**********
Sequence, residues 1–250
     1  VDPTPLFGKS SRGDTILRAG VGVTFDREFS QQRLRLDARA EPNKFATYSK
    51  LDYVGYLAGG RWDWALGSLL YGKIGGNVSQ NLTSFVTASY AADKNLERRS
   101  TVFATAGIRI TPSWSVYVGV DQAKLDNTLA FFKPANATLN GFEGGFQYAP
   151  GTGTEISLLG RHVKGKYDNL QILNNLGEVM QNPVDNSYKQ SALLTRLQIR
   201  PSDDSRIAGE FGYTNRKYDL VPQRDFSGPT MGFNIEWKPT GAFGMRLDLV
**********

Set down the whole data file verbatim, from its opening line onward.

Sequence, residues 1–250
     1  VDPTPLFGKS SRGDTILRAG VGVTFDREFS QQRLRLDARA EPNKFATYSK
    51  LDYVGYLAGG RWDWALGSLL YGKIGGNVSQ NLTSFVTASY AADKNLERRS
   101  TVFATAGIRI TPSWSVYVGV DQAKLDNTLA FFKPANATLN GFEGGFQYAP
   151  GTGTEISLLG RHVKGKYDNL QILNNLGEVM QNPVDNSYKQ SALLTRLQIR
   201  PSDDSRIAGE FGYTNRKYDL VPQRDFSGPT MGFNIEWKPT GAFGMRLDLV